AWS has upgraded its free tier for data transfer, from 1 GB to 100 GB per month for Internet transfer, and from 50 GB to 1 TB for CloudFront, its content delivery network.

According to AWS Chief Evangelist Jeff Barr, “As a result of this change, millions of AWS customers around the world will no longer see charges for these two categories of data transfer,” which goes into effect on December 1 .

The free allocation will apply to services such as S3 (Simple Storage Service), web applications on EC2 (Elastic Compute Cloud) virtual machines, etc. There is an exclusion for AWS GovCloud and China Regions.

Further details are that the number of free HTTP and HTTPS requests to CloudFront is to be increased from 2 million to 10 million, and the offering of two million free CloudFront function calls per month is no longer limited to the first. year.

While Barr attributes the change to a “tradition of AWS price cuts,” many industry observers associate the price cut with competition from others, including Cloudflare which in September introduced R2 Storage, which implements the API. S3 from Amazon but without exit fees.

In July, Cloudflare accused AWS of excessive tariffs for data output, saying customers in North America and Europe are paying 80 times what the service costs AWS to operate.

Cloudflare CEO Matthew Prince noted on Twitter, in response to the AWS news: “Well, that was quick !! I do the dance of joy! Great news for our mutual customers. And the next step towards the inevitable end of cloud exit [fees]. “

One customer commented on Hacker News: “I am using 500GB to 1TB per month on Cloudfront, which costs around $ 50 to $ 100 per month, and I was going to push that over to Cloudflare to take advantage of their savings. However, this AWS change will essentially erase my entire Cloudfront bill. I should send Cloudflare a Christmas card to say thank you.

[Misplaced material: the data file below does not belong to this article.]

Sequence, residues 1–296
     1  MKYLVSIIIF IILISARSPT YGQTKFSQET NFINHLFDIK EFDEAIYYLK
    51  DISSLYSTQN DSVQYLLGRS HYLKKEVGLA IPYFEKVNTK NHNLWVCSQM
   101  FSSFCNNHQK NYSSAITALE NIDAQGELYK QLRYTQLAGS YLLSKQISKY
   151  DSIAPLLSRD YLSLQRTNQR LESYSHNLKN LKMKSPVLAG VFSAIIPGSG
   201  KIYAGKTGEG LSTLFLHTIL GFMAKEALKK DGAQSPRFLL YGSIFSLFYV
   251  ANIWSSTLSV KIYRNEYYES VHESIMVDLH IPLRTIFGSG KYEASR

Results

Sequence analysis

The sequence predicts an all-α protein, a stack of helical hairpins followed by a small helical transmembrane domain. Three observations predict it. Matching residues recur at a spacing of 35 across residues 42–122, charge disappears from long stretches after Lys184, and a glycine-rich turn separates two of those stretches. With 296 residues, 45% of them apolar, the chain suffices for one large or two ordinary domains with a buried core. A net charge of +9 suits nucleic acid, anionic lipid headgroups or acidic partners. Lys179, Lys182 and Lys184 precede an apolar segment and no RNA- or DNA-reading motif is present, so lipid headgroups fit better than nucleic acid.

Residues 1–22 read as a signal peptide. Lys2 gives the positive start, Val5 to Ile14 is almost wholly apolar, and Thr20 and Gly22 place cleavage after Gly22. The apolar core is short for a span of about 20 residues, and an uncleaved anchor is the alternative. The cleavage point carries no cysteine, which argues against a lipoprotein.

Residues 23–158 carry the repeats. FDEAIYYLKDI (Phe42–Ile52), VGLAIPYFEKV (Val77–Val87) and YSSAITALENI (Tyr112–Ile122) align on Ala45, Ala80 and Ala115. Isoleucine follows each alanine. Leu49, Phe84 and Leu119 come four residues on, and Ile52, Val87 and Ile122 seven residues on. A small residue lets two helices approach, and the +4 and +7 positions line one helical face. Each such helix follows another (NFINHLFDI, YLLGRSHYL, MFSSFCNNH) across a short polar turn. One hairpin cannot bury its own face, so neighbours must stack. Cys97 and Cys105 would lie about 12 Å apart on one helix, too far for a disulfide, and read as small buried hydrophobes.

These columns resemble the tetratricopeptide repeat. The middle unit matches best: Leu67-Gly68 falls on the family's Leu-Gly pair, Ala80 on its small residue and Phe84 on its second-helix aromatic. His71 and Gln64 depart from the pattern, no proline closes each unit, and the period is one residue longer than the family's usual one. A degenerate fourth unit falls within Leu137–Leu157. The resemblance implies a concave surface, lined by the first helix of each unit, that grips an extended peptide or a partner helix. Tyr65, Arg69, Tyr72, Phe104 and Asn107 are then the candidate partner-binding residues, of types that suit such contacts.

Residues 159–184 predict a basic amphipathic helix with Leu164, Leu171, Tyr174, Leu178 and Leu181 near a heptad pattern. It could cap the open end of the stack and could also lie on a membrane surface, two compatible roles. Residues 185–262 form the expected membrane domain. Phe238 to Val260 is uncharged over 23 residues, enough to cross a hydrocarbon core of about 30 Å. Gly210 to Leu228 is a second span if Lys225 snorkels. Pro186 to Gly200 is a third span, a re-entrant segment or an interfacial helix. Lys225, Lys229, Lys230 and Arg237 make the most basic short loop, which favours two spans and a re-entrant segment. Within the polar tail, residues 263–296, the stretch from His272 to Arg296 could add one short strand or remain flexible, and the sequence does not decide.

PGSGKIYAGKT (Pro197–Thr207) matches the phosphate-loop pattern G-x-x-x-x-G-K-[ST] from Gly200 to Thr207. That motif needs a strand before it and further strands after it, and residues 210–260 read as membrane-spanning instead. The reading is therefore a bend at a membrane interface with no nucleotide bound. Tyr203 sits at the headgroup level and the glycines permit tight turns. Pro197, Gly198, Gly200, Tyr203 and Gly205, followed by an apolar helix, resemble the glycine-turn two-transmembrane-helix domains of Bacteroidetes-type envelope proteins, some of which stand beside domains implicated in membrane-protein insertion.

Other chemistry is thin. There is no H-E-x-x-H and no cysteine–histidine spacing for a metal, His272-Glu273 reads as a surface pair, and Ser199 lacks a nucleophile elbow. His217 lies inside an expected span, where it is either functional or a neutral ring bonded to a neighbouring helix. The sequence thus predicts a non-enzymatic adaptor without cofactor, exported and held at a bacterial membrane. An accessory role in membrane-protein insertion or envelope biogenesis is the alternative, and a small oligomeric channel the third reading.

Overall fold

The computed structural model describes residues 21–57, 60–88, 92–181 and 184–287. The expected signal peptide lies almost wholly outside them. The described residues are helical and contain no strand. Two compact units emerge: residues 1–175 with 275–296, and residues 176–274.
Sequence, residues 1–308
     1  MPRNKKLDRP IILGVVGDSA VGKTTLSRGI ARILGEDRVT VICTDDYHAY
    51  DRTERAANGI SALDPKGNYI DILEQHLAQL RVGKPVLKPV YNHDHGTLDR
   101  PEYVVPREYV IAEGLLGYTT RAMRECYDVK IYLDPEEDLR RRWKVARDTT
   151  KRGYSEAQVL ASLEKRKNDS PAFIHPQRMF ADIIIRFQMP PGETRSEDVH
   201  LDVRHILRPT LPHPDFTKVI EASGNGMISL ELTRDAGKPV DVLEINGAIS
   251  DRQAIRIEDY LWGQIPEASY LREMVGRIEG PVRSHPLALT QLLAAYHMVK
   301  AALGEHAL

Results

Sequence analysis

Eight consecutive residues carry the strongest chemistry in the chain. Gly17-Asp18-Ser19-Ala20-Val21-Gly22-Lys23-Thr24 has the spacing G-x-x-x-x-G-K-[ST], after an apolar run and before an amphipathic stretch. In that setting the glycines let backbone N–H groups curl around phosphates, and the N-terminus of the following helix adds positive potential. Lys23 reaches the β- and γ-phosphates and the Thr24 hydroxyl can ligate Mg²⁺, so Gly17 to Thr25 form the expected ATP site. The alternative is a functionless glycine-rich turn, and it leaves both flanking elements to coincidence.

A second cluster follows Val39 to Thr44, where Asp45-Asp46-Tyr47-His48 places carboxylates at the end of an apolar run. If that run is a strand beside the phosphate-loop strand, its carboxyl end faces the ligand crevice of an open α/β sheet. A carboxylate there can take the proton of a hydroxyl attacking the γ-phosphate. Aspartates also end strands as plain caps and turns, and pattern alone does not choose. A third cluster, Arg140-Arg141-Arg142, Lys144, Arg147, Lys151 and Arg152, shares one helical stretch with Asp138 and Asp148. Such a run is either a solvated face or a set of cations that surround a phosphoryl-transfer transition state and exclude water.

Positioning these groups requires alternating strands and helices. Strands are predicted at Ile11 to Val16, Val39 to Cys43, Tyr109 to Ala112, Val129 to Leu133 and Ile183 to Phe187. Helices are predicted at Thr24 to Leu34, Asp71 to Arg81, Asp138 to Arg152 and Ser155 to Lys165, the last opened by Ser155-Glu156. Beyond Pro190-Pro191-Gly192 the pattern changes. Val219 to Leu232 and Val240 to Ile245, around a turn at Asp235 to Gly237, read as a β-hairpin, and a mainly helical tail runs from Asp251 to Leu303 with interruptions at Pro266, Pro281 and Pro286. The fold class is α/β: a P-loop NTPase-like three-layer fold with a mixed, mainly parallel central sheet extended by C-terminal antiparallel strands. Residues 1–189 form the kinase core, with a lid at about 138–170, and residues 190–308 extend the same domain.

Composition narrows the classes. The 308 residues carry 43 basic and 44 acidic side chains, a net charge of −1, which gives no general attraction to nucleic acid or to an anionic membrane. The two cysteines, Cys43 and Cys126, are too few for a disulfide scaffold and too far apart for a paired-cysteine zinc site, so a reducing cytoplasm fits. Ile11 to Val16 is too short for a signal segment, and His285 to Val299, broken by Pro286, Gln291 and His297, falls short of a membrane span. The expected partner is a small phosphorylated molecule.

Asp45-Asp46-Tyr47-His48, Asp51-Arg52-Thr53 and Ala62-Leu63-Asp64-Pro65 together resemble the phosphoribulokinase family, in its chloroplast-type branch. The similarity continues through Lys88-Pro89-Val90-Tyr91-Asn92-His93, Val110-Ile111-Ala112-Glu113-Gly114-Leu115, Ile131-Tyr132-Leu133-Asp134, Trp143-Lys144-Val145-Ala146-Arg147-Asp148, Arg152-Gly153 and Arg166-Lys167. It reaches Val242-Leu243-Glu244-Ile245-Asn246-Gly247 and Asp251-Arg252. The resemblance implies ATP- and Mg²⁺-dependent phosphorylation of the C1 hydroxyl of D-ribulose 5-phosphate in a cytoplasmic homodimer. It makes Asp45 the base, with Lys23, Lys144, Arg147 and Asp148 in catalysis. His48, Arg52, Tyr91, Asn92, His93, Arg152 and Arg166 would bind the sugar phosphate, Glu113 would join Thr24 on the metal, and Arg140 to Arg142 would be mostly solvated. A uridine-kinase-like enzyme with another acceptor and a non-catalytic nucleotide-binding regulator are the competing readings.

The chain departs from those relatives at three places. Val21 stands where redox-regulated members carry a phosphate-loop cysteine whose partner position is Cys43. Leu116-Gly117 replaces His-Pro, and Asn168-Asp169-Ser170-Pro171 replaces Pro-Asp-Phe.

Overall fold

It appears that AWS intends to block customers from heading to Cloudflare with this decision. There are caveats, however. The first is that this is a free tier, so customers using data transfer in excess of these amounts will still pay the high AWS fees. For these users, the free tier becomes a discount. Companies for which content distribution is at the heart of their business will benefit from looking elsewhere. Netflix, for example, has built its own CDN connecting to ISPs around the world.

Second, AWS has many other fees to fall back on. S3, for example, charges fees for storage and for API operations such as PUT and GET requests. Additional fees are charged for analysis, Lambda integration, etc.

Rival storage service Wasabi, which this week announced a new storage region in London, claimed the S3 fees follow a strategy of “making transaction fees so ridiculously low that customers don’t notice it. don’t care or can’t figure out how to calculate them. Then do it for all of your hundreds of thousands of customers and billions of items, and relax and watch your coffers spill over time. “( Wasabi only charges for storage and claims to be 80% cheaper than S3.)

Cloudflare is not clear on this issue of operating costs, in the context of R2, and has only stated that “R2 will zero-rate infrequent storage operations below a threshold – currently slated to be in the demand range at one. figure per second. Above this range, R2 will charge significantly less per transaction than major vendors. “

Is Prince really celebrating or will Cloudflare be worried that R2 is losing his appeal? Asked about it earlier this month, during a call for results, Prince said that if AWS were to reduce the exit fee to zero, “it would force us to continue to innovate in this space, just as it would force us to keep innovating in this space. everyone to innovate in the space. “

Prince also said interest in R2 was “off the charts”. He hopes Cloudflare will integrate with all hyperscale public cloud providers and be “the fabric that ties it all together.” ®